In the middle of spectrum are solutions that automate select tasks at the work cell level, such as Sealed Air’s Autobag lineup of automatic bagging systems that perform filling and sealing of polybags.

At the upper end are fully automated in-line solutions that do carton forming and right-sizing, as well as more highly automated bagging lines that integrate with inline printers, counters, scales and conveyors. Some fulfillment centers will mix solutions, and even facilities with fully automated lines will typically maintain some more manual pack stations for non-conveyables or other items.

What if sensing could see inside the box?

While many cubing and dimensioning equipment choices out there can collect dimensional data, a new type of sensing technology can see and inspect through corrugate, plastics and packaging to do things like gauge how high the cube utilization is on shipping cartons, detect liquid leaks in outbound packages, or verify item counts. Known as 3D millimeter (mm) Wave sensing, the technology was introduced last year by ThruWave.

According to Pieter Krynauw, ThruWave’s CEO, 3D mm Wave sensing can see through sealed packages, which enables the technology to serve as an accurate measure of how much of a package’s cube is taken up by ordered items, and how much is wasted space.

The technology has not been deployed yet as an “in-line” element of automated packaging lines for e-commerce, but ThruWave has been working with end user organizations to use the imaging to gauge how effective the cube utilization is with their current manual or semi-
automated pack out stations.

“What we’ve seen with some of our customers is that although they’re doing dimensioning, the master data may not be high quality, so even though they think they should be packing out at a certain fill fraction of the carton volume, it ends up being something completely different,” says Krynauw. “Our technology can provide that closed-loop, real-time feedback in terms of the actual cube utilization, to give them the necessary data to see what needs to be improved in terms of master data, or to see if an automated packaging solution is needed and the improvement level that could be achieved.”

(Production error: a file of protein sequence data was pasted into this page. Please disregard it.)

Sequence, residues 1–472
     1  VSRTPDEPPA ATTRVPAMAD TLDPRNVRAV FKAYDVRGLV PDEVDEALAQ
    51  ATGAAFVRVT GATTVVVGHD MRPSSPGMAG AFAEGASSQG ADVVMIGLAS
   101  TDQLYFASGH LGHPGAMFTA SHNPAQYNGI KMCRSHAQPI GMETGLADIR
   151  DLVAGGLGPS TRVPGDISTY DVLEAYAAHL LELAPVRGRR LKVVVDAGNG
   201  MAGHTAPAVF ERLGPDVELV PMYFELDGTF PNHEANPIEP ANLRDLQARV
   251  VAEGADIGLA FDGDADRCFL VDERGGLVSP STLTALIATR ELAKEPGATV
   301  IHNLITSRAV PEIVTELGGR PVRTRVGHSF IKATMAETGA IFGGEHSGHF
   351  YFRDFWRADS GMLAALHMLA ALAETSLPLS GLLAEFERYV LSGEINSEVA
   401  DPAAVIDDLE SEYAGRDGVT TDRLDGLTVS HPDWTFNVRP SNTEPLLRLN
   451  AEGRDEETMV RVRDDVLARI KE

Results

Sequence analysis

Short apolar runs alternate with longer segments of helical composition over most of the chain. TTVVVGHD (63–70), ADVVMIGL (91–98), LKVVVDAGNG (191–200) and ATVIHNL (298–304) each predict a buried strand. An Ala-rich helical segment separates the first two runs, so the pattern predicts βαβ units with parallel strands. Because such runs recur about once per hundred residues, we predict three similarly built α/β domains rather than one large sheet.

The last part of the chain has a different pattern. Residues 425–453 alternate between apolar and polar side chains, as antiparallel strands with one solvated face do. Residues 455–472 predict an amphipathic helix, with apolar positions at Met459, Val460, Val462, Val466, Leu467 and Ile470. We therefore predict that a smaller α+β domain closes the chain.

Krynauw says an operation could use ThruWave’s sensing to detect leaks from shipments before they leave a facility or to ensure the item count is correct. Another use of the technology for cube utilization is to use the sensing to analyze cube utilization within the bins of automated storage and retrieval systems (AS/RS) to help gauge if the inventory or replenishment rules should be tweaked to achieve more dense storage.

“We can provide insight that can help make a more informed decision on automated packaging solution, and then, if a customer decides to put in an automated solution, I think we can add value by being on the front end of that or on the back end, to see what is actually happening, and help determine if the system needs to be fine-tuned,” Krynauw concludes.

Some DCs undertake a packing efficiency “journey,” Keefauver says, in that they start with equipment that gives them more efficiency at the work cell level, then add some semi-automated work cell solutions, and later deploy fully automated lines. “That’s the kind of journey we see some operations take, though often, we’ll be able to walk into a DC environment, do an assessment and be able put those types of combinations together from the start,” Keefauver says. “Every fulfillment operation is different, their space needs are different, their volumes and volume surges will differ, but with a full portfolio of solutions, we can match a solution to them.”

Some high-volume fulfillment centers use multiple, highly automated packaging lines to reliably hit cut off times.

Even at the middle tier of solutions, significant gains in throughput can be made. In a manual work cell environment, assuming a consistent flow of orders and a ready supply of packing materials, a good operator might pack three or four orders per minute. But with an auto-bagging machine, the output in practice ranges from five to eight completed orders per minute, even though the auto-bagger has a higher theoretical output, says Keefauver. “You can essentially double the output with a semi-automated solution, and a really efficient operation can probably go even a bit higher,” he adds.

For Fanatics, an online retailer of sports fan merchandise, the move to semi-automated packing stations equipped with Sealed Air’s Autobag machines (initially, four 850S machines), has brought a five times improvement in pack out efficiency and throughput versus manual pack out stations used previously. The deployment is also credited with giving Fanatics the ability to scale fulfillment operations to accommodate peak season and changes in demand.

There are caveats with the output that can be achieved with packaging solutions. With semi-automated stations, some operations will have more scan verification or other quality control steps, or the operator has to manually apply a shipping label or do other tasks like insert catalogs. Even with fully-automated solutions, you need a steady flow of orders routed to the correct packing locations at the right times to meet cut-off times. That said, given the growth curve for e-commerce, more sites will likely turn to packaging automation.

As Keefauver explains: “The thing to keep in mind is that today, roughly 20% of retail and consumer goods type sales are through e-commerce channels, and e-commerce is just continuing to grow and grow. So, you either try to continue packaging with a manual, labor intensive approach, at a time of very limited labor resources, with costs going up for labor, or you bring in some automation, which is also going to help with right-sizing and freight costs. Packaging automation is a way to manage that growth in e-commerce fulfillment.”